Sauté the onions in the olive oil over medium-high heat until soft, about 5 minutes. Add the garlic, ginger, and carrots and continue to sauté for another 3 minutes. Add spices and stir for 1 minute. Throw in the chopped tomatoes, lentils, and water. Heat until soup reaches a simmer; lower heat to low and simmer for 45 minutes. Add more water if necessary. Once the lentils are soft and melting, a well-supplied cook would puree the soup with a stick blender. The less fortunate should just smash the largest pieces of tomato with a fork. It’s depressing stuff, but there you are. Add salt, pepper, cilantro, and tabasco. Serve with crusty bread (preferably Seedy-Salt bread from Salt of the Earth in Fennville, MI.).
This post will be the first installment in a regular series of posts about specific kitchen tools and gadgets. Given the title of the blog, it makes sense that I begin with the whisk.
Of all the tools that I use in my kitchen, the whisk is one that most makes me feel like a bona fide cook. It’s a damned serious item. Those who wield it comfortably exude a sort of culinary gravitas that implies years spent in cooking school.
Few other manually operated tools can match its transformative power. Spoons and spatulas don’t aerate or froth; forks don’t scrape pot bottoms and sides. Yes, a hand-held mixer can do those things, but not with the same elegance and sophistication.
Want to turn egg whites into meringue or mayonnaise? Want to emulsify oil and vinegar to make salad dressing? Want to rescue fond from the bottom of a roasting pan for gravy? Want to prevent custard or curd from seizing? Want to look like a classically-trained chef in the process?
The whisk is your tool.
I use three different whisks: one large French whisk and one small one (that’s the small one in the header photograph). My favorite whisk, however, is the flat whisk.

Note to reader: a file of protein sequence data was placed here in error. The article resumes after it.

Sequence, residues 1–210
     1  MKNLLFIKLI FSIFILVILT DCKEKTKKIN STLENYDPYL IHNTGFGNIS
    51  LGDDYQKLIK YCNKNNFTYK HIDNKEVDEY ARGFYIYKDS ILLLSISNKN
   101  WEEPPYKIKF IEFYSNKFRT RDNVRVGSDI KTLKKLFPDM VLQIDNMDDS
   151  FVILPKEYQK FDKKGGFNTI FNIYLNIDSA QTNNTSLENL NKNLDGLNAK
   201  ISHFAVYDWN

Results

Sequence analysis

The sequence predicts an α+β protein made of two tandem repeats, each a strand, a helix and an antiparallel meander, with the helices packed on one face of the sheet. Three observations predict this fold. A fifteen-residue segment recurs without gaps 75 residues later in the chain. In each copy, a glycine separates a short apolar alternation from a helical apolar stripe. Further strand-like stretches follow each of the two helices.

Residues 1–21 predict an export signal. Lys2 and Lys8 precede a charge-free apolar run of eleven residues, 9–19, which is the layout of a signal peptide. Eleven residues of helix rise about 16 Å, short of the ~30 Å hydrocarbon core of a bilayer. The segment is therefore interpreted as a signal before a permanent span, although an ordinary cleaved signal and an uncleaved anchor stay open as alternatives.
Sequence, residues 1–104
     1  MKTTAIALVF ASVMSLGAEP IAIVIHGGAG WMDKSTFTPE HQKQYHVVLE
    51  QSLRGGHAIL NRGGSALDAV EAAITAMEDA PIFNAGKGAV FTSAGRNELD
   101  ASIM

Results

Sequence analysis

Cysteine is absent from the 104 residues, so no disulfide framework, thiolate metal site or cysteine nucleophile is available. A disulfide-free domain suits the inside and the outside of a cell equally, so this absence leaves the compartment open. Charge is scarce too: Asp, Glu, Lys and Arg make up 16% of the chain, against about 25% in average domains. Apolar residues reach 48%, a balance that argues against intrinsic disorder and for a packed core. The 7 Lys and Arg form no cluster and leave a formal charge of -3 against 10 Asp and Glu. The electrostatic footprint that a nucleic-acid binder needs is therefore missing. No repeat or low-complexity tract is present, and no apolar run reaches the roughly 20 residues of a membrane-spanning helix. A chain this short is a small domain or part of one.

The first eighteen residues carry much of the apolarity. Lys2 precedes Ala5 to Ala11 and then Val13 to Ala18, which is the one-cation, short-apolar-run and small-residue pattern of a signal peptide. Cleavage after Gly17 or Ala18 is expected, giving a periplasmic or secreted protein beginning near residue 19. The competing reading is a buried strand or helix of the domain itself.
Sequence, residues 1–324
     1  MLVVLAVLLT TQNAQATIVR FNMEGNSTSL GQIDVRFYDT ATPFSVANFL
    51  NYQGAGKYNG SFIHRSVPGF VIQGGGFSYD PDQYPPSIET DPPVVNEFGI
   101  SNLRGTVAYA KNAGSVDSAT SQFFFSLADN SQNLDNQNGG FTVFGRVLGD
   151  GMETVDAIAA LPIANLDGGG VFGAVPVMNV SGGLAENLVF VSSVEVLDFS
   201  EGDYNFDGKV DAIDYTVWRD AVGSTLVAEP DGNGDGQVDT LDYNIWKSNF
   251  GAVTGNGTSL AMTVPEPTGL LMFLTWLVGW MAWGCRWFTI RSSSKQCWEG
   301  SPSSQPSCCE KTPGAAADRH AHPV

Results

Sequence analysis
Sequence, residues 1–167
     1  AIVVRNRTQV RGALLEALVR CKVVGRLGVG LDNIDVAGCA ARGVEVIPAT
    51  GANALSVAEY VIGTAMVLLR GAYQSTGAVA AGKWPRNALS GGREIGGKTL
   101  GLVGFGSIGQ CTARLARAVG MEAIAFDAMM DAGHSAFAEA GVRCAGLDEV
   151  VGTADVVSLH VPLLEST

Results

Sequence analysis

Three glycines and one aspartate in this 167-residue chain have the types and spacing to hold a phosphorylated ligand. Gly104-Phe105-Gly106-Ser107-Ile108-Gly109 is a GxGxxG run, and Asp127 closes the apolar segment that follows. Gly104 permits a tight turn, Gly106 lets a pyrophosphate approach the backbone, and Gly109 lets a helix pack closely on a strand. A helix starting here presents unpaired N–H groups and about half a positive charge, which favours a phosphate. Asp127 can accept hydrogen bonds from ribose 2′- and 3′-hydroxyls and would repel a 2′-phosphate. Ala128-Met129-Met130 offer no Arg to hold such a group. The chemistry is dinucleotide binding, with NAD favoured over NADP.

Here are two of my favorite “whisk-ey” recipes.
Olive Oil Lemon Curd
From Gourmet–so easy make and too perfect to alter.
3 large lemons
3/4 cup granulated sugar
2 teaspoons cornstarch
2 whole large eggs plus 2 large yolks
1/2 stick unsalted butter, cut into 1/2-inch cubes
2 tablespoons fruity olive oil (preferably French)
Grate enough zest from lemons to measure 1 tablespoon, then squeeze 3/4 cup juice from lemons.
Whisk together lemon zest and juice, sugar, cornstarch, whole eggs, and yolks in a medium saucepan and bring to a boil over medium heat, whisking constantly. Boil, whisking, 2 minutes.
Remove from heat and whisk in butter and oil until smooth. Makes about 1 cup of curd, enough for one nine-inch tart, like the chocolate drizzled lemon tart here.
This dressing is the simplest thing in the world to whisk up, and it completely revolutionized my salad-making. I’ll never go back to bottled dressing.
3 tablespoons of good quality vinegar or citrus juice (I like a combination of balsamic and sherry vinegars)
1/2 teaspoon Kosher salt
1/4 teaspoon freshly ground pepper
1/4 teaspoon Dijon mustard
About 1/4 cup good quality extra virgin olive oil (or some other nice tasting oil–hazelnut, walnut, or pumpkin seed are all great)
In a large measuring cup (I use a four-cup sized Pyrex), whisk together the vinegar or juice, salt, and pepper. Briskly whisk in the mustard. Continuing to whisk, drizzle in the oil in a slow, steady stream. Whisk hard! Whisk like you mean it! The vinaigrette is ready when it becomes thick and sort of sludge-like. You can let this sit at room temperature until you’re ready to use it. It may need a quick whisk just before using.
You could prepare the vinaigrette by shaking it into an emulsion in a lidded cup, but then you’d deprive yourself of the pleasure of using the flat whisk, surely the most coolly elegant tool in the kitchen.